wetdream: AMS must win the award for having the mmost apathetic investors. Zzzz....
tgkg: Looks like bigger buyers started investing back, the price is bouncing back now, so even if this recover to 250, that's 11% profit for investors
dealit: Generally, a high P/E ratio means that investors are anticipating higher growth in the future. The current average market P/E ratio is roughly 20 to 25 times earnings. Companies that are losing money do not have a P/E ratio. AMS fit the above categories, let us hope with good news flow we can start to climb North again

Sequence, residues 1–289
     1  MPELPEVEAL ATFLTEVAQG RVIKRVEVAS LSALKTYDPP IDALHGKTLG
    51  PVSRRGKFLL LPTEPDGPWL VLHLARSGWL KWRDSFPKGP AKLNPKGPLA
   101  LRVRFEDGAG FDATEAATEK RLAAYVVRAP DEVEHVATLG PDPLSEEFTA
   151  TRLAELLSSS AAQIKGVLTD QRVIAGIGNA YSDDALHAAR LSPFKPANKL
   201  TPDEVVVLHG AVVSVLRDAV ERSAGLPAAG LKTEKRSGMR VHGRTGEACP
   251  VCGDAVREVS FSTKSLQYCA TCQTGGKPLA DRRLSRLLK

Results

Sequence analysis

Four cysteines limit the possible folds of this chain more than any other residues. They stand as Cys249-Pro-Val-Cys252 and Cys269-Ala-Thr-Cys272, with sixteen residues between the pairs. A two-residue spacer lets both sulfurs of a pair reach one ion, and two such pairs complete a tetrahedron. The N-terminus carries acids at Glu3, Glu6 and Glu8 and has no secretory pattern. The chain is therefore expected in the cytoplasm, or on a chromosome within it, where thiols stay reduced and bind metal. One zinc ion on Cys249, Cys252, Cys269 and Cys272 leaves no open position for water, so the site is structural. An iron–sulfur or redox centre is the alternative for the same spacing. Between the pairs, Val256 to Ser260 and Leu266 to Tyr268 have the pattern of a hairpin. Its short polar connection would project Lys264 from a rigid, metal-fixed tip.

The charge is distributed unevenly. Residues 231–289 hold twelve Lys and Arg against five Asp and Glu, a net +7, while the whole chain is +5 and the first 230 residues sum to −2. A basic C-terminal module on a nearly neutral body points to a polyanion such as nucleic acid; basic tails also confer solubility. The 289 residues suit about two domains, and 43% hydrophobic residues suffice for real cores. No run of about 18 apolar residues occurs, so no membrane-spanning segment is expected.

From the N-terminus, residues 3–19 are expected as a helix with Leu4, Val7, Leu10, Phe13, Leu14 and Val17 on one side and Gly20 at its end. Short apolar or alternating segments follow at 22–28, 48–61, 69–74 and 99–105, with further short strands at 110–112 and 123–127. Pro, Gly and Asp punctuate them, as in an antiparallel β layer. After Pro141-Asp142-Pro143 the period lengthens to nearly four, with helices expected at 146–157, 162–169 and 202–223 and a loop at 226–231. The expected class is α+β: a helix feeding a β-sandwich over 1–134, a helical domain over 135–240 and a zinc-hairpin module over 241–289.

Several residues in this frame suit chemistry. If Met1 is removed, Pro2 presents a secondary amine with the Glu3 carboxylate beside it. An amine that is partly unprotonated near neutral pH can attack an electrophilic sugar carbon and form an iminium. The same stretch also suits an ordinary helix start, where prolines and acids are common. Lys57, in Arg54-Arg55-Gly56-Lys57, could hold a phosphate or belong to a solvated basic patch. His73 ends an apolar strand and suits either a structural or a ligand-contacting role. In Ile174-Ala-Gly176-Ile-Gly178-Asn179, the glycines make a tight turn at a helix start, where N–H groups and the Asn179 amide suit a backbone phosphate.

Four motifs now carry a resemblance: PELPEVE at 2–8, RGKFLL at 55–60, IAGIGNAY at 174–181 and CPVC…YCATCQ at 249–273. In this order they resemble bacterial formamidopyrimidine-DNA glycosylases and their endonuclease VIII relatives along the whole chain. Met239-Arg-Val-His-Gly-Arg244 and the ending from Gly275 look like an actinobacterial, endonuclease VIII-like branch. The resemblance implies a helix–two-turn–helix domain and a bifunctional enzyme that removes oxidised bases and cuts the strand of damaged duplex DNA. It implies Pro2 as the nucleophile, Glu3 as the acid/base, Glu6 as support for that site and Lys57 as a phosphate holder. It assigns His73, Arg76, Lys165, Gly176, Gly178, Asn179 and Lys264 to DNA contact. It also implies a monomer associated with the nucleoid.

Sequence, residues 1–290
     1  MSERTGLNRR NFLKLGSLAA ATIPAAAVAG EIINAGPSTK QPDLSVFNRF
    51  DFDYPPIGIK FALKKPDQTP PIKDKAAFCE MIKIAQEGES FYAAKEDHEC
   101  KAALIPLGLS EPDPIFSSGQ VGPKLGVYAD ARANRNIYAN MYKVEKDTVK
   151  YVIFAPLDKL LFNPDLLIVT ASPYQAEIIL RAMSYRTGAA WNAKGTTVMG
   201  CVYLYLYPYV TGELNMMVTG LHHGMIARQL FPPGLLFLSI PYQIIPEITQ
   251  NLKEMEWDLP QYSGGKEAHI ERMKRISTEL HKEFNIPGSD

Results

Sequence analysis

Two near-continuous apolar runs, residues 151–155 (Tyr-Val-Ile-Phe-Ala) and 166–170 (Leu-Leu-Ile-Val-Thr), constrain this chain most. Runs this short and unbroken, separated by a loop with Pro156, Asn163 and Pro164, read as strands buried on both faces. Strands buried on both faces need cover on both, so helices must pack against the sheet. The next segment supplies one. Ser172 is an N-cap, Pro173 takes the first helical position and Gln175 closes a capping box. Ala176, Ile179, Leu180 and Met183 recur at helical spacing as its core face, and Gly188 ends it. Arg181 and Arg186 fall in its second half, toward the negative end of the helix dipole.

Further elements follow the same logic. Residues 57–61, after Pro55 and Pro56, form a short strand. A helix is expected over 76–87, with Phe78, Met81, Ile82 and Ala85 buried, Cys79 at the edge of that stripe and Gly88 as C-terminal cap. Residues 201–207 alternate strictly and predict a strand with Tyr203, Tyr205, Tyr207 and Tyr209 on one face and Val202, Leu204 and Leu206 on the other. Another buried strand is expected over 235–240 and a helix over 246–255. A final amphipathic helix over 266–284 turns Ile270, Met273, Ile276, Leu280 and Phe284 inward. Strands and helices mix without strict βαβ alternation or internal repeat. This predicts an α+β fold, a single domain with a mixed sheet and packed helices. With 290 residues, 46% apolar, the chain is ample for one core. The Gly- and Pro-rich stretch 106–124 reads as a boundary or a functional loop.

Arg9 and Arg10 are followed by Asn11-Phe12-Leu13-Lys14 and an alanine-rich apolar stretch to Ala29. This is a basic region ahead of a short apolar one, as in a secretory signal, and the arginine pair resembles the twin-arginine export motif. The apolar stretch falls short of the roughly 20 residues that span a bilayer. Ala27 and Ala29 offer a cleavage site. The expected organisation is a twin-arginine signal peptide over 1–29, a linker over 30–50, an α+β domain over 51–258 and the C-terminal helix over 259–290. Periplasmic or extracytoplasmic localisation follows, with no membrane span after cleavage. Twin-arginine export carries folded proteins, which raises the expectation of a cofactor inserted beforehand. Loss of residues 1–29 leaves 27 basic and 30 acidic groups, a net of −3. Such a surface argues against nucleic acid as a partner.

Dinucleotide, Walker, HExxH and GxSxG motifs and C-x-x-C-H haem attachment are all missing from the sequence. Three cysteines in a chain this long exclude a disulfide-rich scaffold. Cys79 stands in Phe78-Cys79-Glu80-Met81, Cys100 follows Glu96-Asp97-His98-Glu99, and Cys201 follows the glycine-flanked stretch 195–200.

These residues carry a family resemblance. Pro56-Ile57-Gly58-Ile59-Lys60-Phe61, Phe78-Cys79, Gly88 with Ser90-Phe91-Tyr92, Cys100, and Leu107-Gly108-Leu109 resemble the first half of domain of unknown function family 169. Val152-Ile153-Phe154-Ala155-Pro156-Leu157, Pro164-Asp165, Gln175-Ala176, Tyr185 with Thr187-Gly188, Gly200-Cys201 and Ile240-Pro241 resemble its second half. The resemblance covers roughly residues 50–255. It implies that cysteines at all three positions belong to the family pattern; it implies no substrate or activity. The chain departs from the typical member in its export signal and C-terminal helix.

dealit: AMS IMHO were oversold yesterday. We as small investors are open to the MMs manipulating stock for various reasons. The Interims were not as good as we have come to expect from AMS, in saying that AMS still made a profit and maintained growth + increasing the dividend payment. All successful Companies have a diverse product range and have more than one market they rely on as do AMS.